The Martian Pink Originally owned by Harry Winston, sold at auction in 1976, the same year that the US sent a satellite to Mars[33]
The Unique Pink Most expensive fancy vivid pink diamond to ever sell at auction[34]
The Pink Star Originally owned by the Steinmetz Group and called the Steinmetz Pink, then sold and renamed the Pink Star, and sold again and renamed the Pink Dream.
The Hortensia Diamond Belonged to the Crown Jewels of France and was worn by the Queen of Holland, Hortense de Beauharnais
The Graff Pink Most expensive pink diamond price per carat ever paid at auction[35]
Pink Legacy Fancy vivid pink cut-cornered rectangular-cut diamond of 18.96 carats, purchased by Harry Winston in 2018, formerly owned by the Oppenheimer family.[36]
The Condé Diamond Gifted in 1643 by Louis XII to the Prince of Condé, Louis de Bourbon[37]
The Agra Diamond Originally owned by Rajah of Gwalior's family, who later handed it over to Barbur, the Moghul emperor, as a token of thanks for sparing their lives.
The Princie Diamond Originally owned by the royal family of Hyderabad
Lulo Rose Biggest pink diamond found in 300 years in Angola, at 170 carats[38]

See also[edit]

References[edit]

  1. ^ "Diamond". WebMineral. Retrieved July 7, 2009.
  2. ^ a b Rachminov, E. (2009). The Fancy Color Diamond Book: Facts and Secrets of Trading in Rarities. New York: Diamond Odyssey. ISBN 978-9659149902.
  3. ^ "What makes pink diamonds pink?". BBC. Retrieved 25 January 2017.
  4. ^ "How Are Colored Diamonds Formed?". Diamond Price Guru. Retrieved 25 January 2017.
  5. ^ "Fancy Pink Diamonds". diamonds.pro. The Diamond Pro. Retrieved 20 January 2017.
  6. ^ a b "The $83 Million Pink Diamond Default". Forbes. Retrieved 20 January 2017.
  7. ^ "Darya-I- Noor". jewellermagazine.com. Jeweller Magazine. Retrieved 20 January 2017.
  8. ^ Grading Fancy-Color Diamonds Archived 2014-11-02 at the Wayback Machine. Gemological Institute of America
  9. ^ "What Are The Colors Of Fancy Diamonds?". investments.diamonds. Diamond Investment & Intelligence Center. Retrieved 22 January 2017.
  10. ^ "Fancy Color Diamonds Guide". investments.diamonds. Diamond Investment & Intelligence Center. Retrieved 22 January 2017.
  11. ^ "Fancy Pink Diamonds: The Guide For Buyers and Investors". diamondenvy.com. Diamond Envy. Retrieved 25 January 2017.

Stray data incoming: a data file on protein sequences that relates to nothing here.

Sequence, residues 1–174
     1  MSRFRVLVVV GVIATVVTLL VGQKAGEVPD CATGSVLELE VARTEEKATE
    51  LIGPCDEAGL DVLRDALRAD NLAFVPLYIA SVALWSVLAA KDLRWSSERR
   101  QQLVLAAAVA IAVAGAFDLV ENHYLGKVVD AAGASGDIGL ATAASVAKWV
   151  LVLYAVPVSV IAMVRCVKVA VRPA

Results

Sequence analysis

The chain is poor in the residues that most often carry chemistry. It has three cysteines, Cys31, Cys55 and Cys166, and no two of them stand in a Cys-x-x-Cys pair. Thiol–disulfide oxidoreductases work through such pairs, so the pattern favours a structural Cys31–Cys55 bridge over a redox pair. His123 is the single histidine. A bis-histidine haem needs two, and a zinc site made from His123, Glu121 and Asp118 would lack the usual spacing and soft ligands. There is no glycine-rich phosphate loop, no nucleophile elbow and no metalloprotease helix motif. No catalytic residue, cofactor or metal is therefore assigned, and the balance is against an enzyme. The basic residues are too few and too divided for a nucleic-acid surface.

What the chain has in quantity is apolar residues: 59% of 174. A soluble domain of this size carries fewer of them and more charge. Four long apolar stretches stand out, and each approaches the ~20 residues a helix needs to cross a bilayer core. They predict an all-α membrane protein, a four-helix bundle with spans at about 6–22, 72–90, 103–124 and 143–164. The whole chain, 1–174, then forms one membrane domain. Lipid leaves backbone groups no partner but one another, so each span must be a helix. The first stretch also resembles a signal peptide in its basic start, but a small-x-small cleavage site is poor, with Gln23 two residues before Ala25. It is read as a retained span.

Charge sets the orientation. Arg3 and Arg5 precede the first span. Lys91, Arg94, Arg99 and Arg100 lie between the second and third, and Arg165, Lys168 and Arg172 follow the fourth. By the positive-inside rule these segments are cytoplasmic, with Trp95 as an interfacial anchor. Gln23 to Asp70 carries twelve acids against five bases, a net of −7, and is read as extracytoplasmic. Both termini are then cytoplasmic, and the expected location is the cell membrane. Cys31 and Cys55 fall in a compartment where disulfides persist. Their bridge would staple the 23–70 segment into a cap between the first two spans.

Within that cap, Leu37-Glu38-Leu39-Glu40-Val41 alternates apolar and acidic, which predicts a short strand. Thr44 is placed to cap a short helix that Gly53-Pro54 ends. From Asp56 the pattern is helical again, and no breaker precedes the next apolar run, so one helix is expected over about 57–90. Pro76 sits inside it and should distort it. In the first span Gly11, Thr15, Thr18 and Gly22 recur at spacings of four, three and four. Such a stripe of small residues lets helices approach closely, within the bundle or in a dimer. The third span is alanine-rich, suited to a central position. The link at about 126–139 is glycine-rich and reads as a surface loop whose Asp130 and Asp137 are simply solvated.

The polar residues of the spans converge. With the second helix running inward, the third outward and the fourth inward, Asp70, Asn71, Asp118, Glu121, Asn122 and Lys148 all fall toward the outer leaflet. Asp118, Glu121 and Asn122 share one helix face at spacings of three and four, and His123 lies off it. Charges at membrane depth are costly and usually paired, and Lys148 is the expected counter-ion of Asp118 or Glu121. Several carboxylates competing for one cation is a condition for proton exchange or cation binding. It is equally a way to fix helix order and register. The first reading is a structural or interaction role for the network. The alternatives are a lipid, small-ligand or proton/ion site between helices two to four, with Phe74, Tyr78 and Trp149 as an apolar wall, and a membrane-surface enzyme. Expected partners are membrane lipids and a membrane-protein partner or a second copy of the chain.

12. ^ "Auction Price Results Misunderstood by Market". investments.diamonds. Diamond Investment & Intelligence Center. Retrieved 25 January 2017.
  13. ^ "Colour Grading". Argyle Pink Diamonds. Retrieved 25 January 2017.
  14. ^ a b "Characterization And Grading of Natural-Color Pink Diamonds". GIA.edu. Gemological Institute of America. Retrieved 25 January 2017.
  15. ^ "Strongly Colored Pink CVD Lab-Grown Diamonds". GIA.edu. Gemological Institute of America. Retrieved 26 January 2017.
  16. ^ "What is Chemical Vapor Deposition?". Innovateus. Retrieved 26 January 2017.
  17. ^ "Pink Diamonds Wiki". Naturally Colored. Retrieved 25 January 2017.
  18. ^ India Before Europe, C.E.B. Asher and C. Talbot, Cambridge University Press, 2006, ISBN 0-521-80904-5, p. 40
  19. ^ A History of India, Hermann Kulke and Dietmar Rothermund, Edition: 3, Routledge, 1998, p. 160; ISBN 0-415-15482-0
  20. ^ Deccan Heritage, H. K. Gupta, A. Parasher and D. Balasubramanian, Indian National Science Academy, 2000, p. 144, Orient Blackswan, ISBN 81-7371-285-9
  21. ^ "Diamond Mining in Minas Gerais, Brazil". GIA. Retrieved 26 January 2017.
  22. ^ "Exceptional Pink to Red Diamonds: A Celebration of the 30th Argyle Diamond Tender". GIA. Retrieved 26 January 2017.
  23. ^ "Darya-I- Noor". jewellermagazine.com. Jeweller Magazine. Retrieved 20 January 2017.
  24. ^ "Pink Diamonds". NCDIA. Retrieved 26 January 2017.
  25. ^ Sheppard, David. "'Pink Star' diamond dazzles at Sotheby's auction, selling for record $71m". www.ft.com. Retrieved 4 April 2017.
  26. ^ "The Sweet Josephine: rare pink diamond sold in Geneva auction". The Guardian. Retrieved 26 January 2017.
  27. ^ New York Post NY Post: "World's most spoiled kid gets $77M in diamonds from dad"; 12 November 2015.
  28. ^ "'Largest ever auctioned' purple-pink diamond sells for $26.6m (£20.1m)". BBC News. 2020-11-11. Retrieved 2020-11-12.
  29. ^ Xidias, Angelica (3 February 2021). "Did Lil Uzi Vert Really Just Pierce A US$24 Million Diamond Into His Forehead?". GQ.
  30. ^ "Lil Uzi Vert removes £17m diamond implant from forehead". The Independent. 2021-06-02. Retrieved 2021-06-04.
  31. ^ Magramo, By Kathleen. "At 170 carats, this may be the largest pink diamond found in 300 years". CNN. Retrieved 2022-07-28.
  32. ^ NTSHANGASE, NQOBILE (July 27, 2022). "Big pink diamond discovered in Angola, largest in 300 years". AP NEWS. Retrieved July 27, 2022.
  33. ^ "The Martian Pink Diamond Sells for $17M at Christie's Hong Kong". Rapaport. Retrieved 26 January 2017.
  34. ^ "Rare $31.6 million 'Unique Pink' diamond sets new auction record". CNN. Retrieved 26 January 2017.
  35. ^ "Rare pink diamond sells for record-breaking £29m". BBC. Retrieved 26 January 2017.
  36. ^ "10 jewels that made history". Christies.
  37. ^ "The Condé". Famous Diamonds. Retrieved 26 January 2017.
  38. ^ "Biggest pink diamond in 300 years found in mine in Angola". Sky News. Retrieved 2022-07-30.

Further reading[edit]

  • Hofer S.C. (1998). “Collecting and Classifying Colored Diamonds: An Illustrated Study of the Aurora Collection” New York: Ashland Press. ISBN 0965941019
  • Liddicoat, R.T. (1993). “The GIA Diamond Dictionary” Santa Monica, CA: Gemological Institute of America. ISBN 0873110269
  • Rachminov, Eden (2009). “The Fancy Color Diamond Book: Facts and Secrets of Trading in Rarities” New York: Diamond Odyssey. ISBN 9659149905